5.1.2 Rights or Legitimate Interests

5.1.2.1 Complainant’s case is that Respondent is not sponsored by or affiliated with it, nor has it otherwise licensed or authorised Respondent to use its PETPLAN/PET PLAN trademarks. Nor is there any evidence of actual use by Respondent: See part 4.2.3 above. It follows, Complainant says, that Respondent cannot claim any actual use or demonstrable preparations to use the disputed domain name in connection with a bona fide offering of goods or services: Paragraph 4(c)(i) of the Policy. In that respect, Complainant cites the Decision in Regeneron Pharmaceuticals, Inc. v. Ron Smith, WIPO Case No. D2017-0219.

5.1.2.2 Nor, Complainant says, is there any evidence that the Respondent has been commonly known by the disputed domain name: Paragraph 4(c)(ii) of the Policy.

5.1.2.3 Furthermore, there is no evidence to support Respondent’s claimed intention to use the disputed domain name to provide pre-paid funeral plans for pets: See, part 4.2.4 above. In any event, such would be close to and likely to cause confusion by affiliation with the services offered by Complainant under its PETPLAN/PET PLAN marks: Paragraph 4(b)(iv) of the Policy. In the circumstances, Complainant submits that Respondent cannot demonstrate rights to or legitimate interests in the disputed domain name under paragraph 4(c)(iii) of the Policy.
5.1.3 Registered and Used in Bad Faith

5.1.3.1 Complainant says that, given the well-known status and established reputation of its PETPLAN/PET PLAN trademarks, it is inconceivable that Respondent was unaware of those trademarks when registering the disputed domain name.

5.1.3.2 Complainant cites the WIPO Overview 3.0 at section 3.1.4 in support of its assertion that the mere registration of a domain name that is confusingly similar to a well-known trademark such as its PETPLAN trademark by an unaffiliated entity can by itself create a presumption of bad faith. As to the status of that mark, Complainant refers to the material summarised in part 4.1 above.

5.1.3.3 Respondent’s registration of the disputed domain name amounts, Complainant says, to typo squatting and such was designed to take advantage of traffic generated by typing errors. That, Complainant submits, evidences bad faith, citing by way of example the Decision in Accenture Global Services Limited v. VistaPrint Technologies Ltd, WIPO Case No. D2015-1922.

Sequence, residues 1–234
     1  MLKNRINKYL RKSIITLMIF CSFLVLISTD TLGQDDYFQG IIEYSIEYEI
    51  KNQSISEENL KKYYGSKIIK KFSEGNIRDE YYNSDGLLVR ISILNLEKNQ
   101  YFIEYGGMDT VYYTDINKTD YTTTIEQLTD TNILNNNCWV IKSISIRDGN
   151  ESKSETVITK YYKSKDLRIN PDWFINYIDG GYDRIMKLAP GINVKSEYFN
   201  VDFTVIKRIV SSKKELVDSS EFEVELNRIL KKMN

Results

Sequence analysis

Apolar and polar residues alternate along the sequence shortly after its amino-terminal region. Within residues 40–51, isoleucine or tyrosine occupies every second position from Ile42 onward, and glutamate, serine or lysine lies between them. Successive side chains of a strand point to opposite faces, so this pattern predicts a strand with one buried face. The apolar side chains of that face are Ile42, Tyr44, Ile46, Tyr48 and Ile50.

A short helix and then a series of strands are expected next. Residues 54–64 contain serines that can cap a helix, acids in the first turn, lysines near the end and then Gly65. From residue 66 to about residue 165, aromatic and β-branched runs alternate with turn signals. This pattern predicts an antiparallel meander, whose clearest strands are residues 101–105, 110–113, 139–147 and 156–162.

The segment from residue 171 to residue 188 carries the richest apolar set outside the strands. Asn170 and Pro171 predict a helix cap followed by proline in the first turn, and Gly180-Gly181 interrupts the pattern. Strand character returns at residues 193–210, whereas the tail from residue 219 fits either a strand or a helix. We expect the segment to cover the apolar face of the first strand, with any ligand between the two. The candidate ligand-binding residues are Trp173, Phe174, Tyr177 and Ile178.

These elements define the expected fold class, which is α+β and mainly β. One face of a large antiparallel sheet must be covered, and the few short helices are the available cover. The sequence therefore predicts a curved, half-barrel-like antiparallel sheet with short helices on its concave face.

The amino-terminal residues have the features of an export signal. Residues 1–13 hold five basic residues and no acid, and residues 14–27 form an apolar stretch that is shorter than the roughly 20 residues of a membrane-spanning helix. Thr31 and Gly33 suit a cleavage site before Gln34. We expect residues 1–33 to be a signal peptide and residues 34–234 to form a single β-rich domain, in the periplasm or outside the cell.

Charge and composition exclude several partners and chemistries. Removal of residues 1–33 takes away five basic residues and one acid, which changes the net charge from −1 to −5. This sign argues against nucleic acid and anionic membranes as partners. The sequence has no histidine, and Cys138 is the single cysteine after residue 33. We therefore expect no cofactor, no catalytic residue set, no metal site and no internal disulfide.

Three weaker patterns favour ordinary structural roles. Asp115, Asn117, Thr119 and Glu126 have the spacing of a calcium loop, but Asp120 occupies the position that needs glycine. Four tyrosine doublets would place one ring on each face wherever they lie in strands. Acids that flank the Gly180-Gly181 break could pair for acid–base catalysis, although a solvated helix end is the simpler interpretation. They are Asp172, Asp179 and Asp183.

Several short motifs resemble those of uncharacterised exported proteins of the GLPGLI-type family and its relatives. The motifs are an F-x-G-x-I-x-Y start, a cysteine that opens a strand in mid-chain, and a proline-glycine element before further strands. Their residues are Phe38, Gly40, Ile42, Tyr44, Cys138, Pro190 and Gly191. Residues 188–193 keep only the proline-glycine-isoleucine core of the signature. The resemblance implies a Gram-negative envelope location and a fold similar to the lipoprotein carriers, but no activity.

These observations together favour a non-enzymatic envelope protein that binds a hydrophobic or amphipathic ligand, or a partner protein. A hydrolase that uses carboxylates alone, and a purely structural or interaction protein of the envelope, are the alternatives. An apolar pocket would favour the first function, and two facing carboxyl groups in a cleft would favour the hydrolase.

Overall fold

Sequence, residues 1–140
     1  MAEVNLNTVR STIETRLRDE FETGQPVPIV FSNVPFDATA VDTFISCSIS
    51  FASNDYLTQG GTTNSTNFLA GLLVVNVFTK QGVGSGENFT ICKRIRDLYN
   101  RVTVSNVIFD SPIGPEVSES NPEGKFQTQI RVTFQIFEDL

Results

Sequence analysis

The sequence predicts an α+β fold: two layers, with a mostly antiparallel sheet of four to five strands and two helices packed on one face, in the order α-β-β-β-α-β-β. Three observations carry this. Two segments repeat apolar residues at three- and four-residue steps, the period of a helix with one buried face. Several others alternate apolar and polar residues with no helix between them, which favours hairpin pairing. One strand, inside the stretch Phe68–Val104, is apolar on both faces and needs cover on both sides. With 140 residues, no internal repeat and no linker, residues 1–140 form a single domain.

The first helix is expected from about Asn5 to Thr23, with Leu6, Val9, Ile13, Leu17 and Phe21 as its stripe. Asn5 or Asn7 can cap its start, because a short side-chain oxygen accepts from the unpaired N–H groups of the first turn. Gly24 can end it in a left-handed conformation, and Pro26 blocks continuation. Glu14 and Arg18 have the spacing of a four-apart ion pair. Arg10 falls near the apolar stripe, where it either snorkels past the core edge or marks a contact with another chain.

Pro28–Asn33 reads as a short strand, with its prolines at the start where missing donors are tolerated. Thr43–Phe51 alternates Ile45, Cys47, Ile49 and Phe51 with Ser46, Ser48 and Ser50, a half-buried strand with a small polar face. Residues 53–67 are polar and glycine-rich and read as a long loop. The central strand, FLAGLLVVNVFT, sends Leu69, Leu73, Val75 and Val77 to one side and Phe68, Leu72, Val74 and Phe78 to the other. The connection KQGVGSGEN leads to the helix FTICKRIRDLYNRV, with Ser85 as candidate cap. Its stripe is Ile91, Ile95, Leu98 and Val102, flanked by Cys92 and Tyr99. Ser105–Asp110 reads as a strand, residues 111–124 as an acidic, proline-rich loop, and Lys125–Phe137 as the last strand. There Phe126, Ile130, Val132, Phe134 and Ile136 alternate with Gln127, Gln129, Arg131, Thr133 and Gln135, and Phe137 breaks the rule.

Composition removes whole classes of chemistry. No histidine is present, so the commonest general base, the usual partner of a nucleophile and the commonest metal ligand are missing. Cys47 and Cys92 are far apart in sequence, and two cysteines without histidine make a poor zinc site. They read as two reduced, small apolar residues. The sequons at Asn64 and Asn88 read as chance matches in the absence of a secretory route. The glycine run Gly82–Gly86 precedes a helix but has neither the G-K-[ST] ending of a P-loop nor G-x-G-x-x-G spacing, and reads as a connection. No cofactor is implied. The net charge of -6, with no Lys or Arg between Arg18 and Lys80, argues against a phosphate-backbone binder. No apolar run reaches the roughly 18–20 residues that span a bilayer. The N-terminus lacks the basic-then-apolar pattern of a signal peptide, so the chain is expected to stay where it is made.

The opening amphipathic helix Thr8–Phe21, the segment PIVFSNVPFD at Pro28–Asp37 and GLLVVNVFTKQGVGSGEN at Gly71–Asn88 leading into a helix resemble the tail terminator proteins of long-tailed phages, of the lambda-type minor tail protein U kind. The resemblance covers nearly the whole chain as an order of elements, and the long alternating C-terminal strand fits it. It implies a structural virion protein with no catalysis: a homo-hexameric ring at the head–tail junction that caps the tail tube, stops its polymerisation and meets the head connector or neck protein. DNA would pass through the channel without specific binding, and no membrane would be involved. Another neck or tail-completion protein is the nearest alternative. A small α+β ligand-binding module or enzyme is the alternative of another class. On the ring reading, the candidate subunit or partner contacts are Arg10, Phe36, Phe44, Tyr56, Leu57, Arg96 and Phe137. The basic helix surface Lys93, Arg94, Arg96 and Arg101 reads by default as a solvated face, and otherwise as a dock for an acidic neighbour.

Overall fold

5.1.3.4 Complainant refers to the WIPO Overview 3.0 at section 3.3 in relation to the fact that, although the disputed domain name resolves to an inactive site and is not being used, that is no bar to a finding of bad faith under paragraph 4(a)(iii) of the Policy. In that respect, Complainant cites the Decision in Alitalia-Linee Aeree Italiane S.p.A v. Colour Digital, WIPO Case No. D2000-1260.

5.1.3.5 In sum, Complainant’s case is the facts in this case fall within the paragraph 4(b)(iv) of the Policy because any use of the disputed domain name could not be a fair use and would inevitably mislead and divert consumers. In other words, there is no use of the disputed domain name that could be a legitimate use.

5.1.3.6 Referring to the correspondence between the parties, summarised in part 4.2.4 above, in particular Respondent’s offer to sell the disputed domain name for a sum in excess of his out of pocket expenses directly related to that name, Complainant also asserts bad faith registration under paragraph 4(b)(i) of the Policy and refers in that respect to the WIPO Overview 3.0 at section 3.1.1.
5.2 Respondent

Respondent’s response, such as it is, is summarised in part 4.2.4 above.
6. Discussion and Findings
6.1 Paragraph 4(a) of the Policy provides that Complainant must prove each of the following in order to succeed in an administrative proceeding: